The opinions of the FGD participants and KIIs were very similar on the dilemma that arises between the need to provide for the family versus the need to start ANC. This study showed that business had an effect on decision to start ANC early. Some women preferred going for business rather than starting ANC when they had less than 5 months pregnancy inorder to provide for their families. This signifies that social-economic is indeed another factor affecting decision to start ANC early. Another respondent said, “If you have millet and it is a market day while you are also supposed to go for ANC, it is better to go to the market and sell millet so that you can have something to feed your family” (ID No3, FGG 2).

We found that farming has little effect on starting ANC early. This is so as most of the women said that farming cannot prevent someone from starting ANC early because there are several months in the year for farming and ANC schedule is once a month. A woman said, “I cannot fail to start ANC early because of farming as ANC schedule is only once a months while farming is our daily work for several months” (ID NO 7, in-depth interviews).

Access to services

Long distances from home to the facility have effects on the decision to start ANC early. Some women reported to travel more than 7 km (often by foot) in order to access ANC services. This prevents women for starting ANC early in the first trimester. A woman said, “I cannot start ANC early because I come from very far from the clinic, I do not want to have many visits and get tired before delivery” (ID NO 7, in depth interviews). Another participant had this to say, “When I think of distance from home to here I always get discouraged to start off” (ID NO 6, in depth interviews at the facility).

Male involvement

We found that many women do no start ANC early if their husbands are away or refuse to accompany them. Women may also not initiate ANC if they do not have a spouse. In this study area, there was a by-law which advocates that every woman should attend ANC clinic with her spouse during the first visit. This was being reinforced by traditional leaders around the area. If women go to the health facility without their partners they are not attended to as a result most women do not start ANC early. We also found that if the woman has no partners, she is supposed to get an authorisation letter from the traditional leader in order to access ANC services at the health facility otherwise, she cannot be attended to.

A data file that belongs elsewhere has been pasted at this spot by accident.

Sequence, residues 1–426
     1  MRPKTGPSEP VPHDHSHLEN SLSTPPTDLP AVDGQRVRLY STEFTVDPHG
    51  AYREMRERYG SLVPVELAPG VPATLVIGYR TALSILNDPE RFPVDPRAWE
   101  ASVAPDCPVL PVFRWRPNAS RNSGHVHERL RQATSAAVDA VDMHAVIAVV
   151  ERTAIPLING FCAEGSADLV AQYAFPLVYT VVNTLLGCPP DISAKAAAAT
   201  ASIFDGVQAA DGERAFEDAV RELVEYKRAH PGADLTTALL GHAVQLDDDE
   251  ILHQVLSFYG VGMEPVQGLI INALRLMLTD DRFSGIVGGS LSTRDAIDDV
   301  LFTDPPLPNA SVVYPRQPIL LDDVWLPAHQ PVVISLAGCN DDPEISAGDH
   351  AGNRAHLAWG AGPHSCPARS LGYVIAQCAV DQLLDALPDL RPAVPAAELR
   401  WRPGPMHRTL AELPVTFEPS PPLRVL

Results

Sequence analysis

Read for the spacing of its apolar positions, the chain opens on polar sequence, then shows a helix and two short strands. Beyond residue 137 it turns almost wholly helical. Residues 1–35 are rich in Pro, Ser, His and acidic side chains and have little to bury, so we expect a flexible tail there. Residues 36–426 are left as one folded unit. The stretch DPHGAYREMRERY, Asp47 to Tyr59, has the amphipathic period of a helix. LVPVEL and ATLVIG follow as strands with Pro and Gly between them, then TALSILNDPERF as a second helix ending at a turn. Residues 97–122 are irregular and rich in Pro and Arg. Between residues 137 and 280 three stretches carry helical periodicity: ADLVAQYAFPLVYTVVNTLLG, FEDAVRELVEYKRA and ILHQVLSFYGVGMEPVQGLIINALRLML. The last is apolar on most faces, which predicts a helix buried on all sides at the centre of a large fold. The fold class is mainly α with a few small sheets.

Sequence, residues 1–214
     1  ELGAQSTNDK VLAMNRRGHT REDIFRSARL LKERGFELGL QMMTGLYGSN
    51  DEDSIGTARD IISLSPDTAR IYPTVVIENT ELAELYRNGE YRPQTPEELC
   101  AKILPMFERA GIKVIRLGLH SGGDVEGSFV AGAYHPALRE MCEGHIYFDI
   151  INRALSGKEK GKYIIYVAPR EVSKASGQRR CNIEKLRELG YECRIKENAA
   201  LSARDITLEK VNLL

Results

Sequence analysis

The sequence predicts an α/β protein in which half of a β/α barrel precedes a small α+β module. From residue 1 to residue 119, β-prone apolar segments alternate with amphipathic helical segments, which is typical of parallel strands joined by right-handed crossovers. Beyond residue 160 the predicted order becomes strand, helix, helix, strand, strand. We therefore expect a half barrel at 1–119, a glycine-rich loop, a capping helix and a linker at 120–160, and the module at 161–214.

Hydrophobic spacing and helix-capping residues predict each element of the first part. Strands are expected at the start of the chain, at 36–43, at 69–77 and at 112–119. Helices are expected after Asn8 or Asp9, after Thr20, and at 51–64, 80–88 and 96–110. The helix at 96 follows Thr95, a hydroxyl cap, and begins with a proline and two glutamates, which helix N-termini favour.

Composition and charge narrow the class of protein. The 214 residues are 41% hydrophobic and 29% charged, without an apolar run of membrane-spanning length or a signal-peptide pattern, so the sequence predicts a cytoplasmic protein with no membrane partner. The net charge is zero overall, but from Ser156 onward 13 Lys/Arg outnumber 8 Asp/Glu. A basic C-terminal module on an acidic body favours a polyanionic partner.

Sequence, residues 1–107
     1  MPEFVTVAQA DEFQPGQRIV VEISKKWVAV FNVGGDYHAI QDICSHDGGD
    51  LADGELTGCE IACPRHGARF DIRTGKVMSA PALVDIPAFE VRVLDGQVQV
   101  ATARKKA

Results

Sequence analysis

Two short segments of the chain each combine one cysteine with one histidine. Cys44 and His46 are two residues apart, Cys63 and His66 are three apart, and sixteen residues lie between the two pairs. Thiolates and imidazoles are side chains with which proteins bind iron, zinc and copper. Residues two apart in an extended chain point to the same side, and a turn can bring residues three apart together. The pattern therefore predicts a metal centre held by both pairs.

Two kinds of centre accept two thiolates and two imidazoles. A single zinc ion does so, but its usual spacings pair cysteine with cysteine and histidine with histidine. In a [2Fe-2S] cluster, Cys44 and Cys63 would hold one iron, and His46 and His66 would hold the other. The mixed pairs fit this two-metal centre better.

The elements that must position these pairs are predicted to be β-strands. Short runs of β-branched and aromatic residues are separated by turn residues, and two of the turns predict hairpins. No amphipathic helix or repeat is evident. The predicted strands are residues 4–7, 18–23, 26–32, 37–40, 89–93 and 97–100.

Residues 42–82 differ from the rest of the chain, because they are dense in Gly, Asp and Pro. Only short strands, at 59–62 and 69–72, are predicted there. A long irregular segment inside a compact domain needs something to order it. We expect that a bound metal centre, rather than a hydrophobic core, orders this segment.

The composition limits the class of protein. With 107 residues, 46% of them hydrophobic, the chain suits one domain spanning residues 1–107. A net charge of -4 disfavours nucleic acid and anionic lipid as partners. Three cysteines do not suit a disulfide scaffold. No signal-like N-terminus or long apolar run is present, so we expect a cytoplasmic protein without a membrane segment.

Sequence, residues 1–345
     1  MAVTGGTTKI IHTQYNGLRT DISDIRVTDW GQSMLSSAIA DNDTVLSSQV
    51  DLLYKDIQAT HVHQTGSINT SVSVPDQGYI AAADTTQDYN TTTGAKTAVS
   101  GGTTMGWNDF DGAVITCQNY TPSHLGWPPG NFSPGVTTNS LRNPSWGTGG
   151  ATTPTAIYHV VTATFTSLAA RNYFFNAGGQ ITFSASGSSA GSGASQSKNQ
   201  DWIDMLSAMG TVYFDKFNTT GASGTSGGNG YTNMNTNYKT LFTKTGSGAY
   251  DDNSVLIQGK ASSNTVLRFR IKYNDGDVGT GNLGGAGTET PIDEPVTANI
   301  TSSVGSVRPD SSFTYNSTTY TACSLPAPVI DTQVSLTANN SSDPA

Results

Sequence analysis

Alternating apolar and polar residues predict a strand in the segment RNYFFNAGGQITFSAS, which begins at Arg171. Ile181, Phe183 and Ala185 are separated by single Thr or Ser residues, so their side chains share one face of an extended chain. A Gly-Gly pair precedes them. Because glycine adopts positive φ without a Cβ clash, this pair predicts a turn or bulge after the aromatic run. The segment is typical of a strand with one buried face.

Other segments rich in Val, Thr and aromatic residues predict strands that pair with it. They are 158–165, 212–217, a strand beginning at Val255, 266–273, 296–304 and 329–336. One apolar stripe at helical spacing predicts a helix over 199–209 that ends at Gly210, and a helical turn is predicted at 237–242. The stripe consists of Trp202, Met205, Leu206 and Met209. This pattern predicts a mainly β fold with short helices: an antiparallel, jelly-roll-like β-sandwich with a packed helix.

A woman said during one of the FGDs, “if my husband has refused to accompany me, then I cannot go to start ANC alone because I know that I will not be attended to” (ID No 3).

Another woman said, “I started ANC when I was five months pregnant as I was waiting for my husband who was away by then” (ID No 1).

Another woman said, “if you are pregnant outside marriage then you are supposed to go and get an authorisation letter from village headman for you to be allowed to start ANC” (FGD 5, RESPO NO 7).

Attitude of health workers

During both FGDs and in depth interviews we found that poor attitude of health workers towards clients has an effect on decision to start ANC early. We found that some health workers at the facility rarely observed confidentiality. A woman said during one of the FGDs, “there is a certain nurse there who even reveals what you have worn inside your wrapper (Chitenje)” (ID No 6, FGD 5).

Another Key informant said, “I have been receiving complaints from women concerning the way they are being handled at the clinic, in fact some of the providers are rude to our women” (ID No 9).

Waiting time

Study participants reported that, there was long waiting time for the ANC women to access services at the facility due to integration of the service with family planning. This claim was confirmed by the study team during the key informant interviews with pregnant women at the facility as they were waiting for the ANC clinic to start.